electroacupuncture

In chronic drinkers, hyperalgesia, or increased sensitivity to pain, commonly contributes to relapse. Researchers have found that electroacupuncture treatment reduces hyperalgesia and thus, could be a viable therapy in treating alcohol dependence.

 

While alcohol use disorder (AUD) has been present in society for decades, affecting 5% of the world’s population, effective treatment options have yet to be found. A common symptom of alcohol withdrawal is hyperalgesia, or increased sensitivity to pain, and research shows that chronic pain states can alter alcohol use patterns. Thus, treating hyperalgesia in alcohol withdrawal is a target in ultimately treating AUD.

A proposed alternative therapy for treating the pain associated with alcohol withdrawal is acupuncture, specifically electroacupuncture (EA). Acupuncture has been used for years in alleviating pain from various disorders, and EA is a modified form of the treatment where electrical stimulation is included to improve its clinical effects. Studies have shown EA’s effectiveness in pain management, as well as in reduction of voluntary alcohol intake in rats through activation of receptors in the brain.

In a new study published in Alcoholism: Clinical and Experimental Research, Li et al. examined the effectiveness of EA in treating hyperalgesia during alcohol withdrawal. Rats were trained to drink from an alcohol and water mixture for 8 weeks, also with access to just water. During this time, pain threshold tests were conducted where a focussed beam of light was aimed at the rat’s paw. When the rat moved its paw away from the light, the beam was turned off and the time was recorded. After the 8 weeks, the rats were divided into 3 groups; one of which received EA treatment, one of which received EA treatment on a non-responsive part of the body (the tail) and one which received no EA treatment. Pain threshold tests were again administered following treatment.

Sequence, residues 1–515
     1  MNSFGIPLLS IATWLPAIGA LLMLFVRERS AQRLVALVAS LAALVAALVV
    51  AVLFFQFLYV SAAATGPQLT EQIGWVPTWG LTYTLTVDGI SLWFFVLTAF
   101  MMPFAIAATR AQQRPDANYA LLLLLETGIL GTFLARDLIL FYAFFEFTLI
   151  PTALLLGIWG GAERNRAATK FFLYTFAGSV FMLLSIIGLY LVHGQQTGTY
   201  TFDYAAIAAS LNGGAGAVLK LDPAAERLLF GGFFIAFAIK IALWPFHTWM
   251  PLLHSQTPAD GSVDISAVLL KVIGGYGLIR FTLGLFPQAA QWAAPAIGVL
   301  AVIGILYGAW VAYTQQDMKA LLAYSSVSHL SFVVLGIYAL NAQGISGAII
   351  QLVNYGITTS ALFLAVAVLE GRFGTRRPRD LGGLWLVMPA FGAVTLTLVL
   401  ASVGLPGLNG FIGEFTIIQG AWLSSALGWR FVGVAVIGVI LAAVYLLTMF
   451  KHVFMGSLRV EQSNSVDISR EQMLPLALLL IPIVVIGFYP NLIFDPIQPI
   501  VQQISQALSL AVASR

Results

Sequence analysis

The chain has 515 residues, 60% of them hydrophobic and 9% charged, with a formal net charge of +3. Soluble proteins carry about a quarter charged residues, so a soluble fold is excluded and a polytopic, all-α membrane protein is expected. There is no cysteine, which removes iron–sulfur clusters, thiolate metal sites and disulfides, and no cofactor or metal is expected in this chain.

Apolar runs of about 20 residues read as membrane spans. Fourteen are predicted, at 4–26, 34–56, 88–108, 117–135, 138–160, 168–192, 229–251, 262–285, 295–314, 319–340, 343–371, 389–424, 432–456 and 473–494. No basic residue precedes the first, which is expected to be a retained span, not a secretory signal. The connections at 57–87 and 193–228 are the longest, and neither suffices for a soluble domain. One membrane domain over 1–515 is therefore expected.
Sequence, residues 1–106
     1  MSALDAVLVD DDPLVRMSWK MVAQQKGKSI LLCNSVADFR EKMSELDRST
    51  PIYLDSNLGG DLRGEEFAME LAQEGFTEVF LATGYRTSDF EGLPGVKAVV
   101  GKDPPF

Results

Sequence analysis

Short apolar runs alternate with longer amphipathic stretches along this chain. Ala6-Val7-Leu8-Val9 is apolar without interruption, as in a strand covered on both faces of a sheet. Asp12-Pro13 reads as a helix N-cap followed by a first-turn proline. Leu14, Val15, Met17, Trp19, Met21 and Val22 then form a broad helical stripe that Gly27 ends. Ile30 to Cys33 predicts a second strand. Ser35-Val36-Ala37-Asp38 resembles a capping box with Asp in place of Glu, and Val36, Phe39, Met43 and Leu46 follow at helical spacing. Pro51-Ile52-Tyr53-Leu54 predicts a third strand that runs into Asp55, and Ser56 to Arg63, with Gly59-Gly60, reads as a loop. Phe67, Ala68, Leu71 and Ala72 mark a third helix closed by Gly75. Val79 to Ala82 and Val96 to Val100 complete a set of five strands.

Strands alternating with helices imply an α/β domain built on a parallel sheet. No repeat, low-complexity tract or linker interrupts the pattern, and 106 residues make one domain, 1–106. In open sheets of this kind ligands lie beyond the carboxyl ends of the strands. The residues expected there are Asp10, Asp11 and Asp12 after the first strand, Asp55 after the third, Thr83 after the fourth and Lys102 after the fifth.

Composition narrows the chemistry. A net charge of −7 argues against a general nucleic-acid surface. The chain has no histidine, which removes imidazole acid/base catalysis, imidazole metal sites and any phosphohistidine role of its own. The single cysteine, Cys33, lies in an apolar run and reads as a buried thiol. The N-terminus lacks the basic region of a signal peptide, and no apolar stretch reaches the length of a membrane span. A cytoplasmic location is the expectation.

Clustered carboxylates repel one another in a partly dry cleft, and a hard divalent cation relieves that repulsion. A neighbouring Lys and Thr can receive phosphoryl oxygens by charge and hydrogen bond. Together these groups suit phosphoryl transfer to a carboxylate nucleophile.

The findings showed that hyperalgesia was present in rats suffering from alcohol withdrawal and that EA significantly reduced its effects. EA’s pain relieving effects were only seen in the effective EA treatment and not in the tail EA treatment, which showed similar results to receiving no treatment at all. It should be noted that the analgesic (pain relieving) effect requires a low frequency (2-Hz) stimulus due to the chemical release it facilitates as opposed to high frequency stimulation. The pain threshold tests were significantly improved in rats at 24, 48 and 72 hours and 7 days post alcohol withdrawal. The results of this study improve our understanding of EA therapy in treating hyperalgesia in those suffering from AUD and further research could make EA an accepted therapy for hyperalgesia in humans.

 

Written By: Wesley Tin, BMSc



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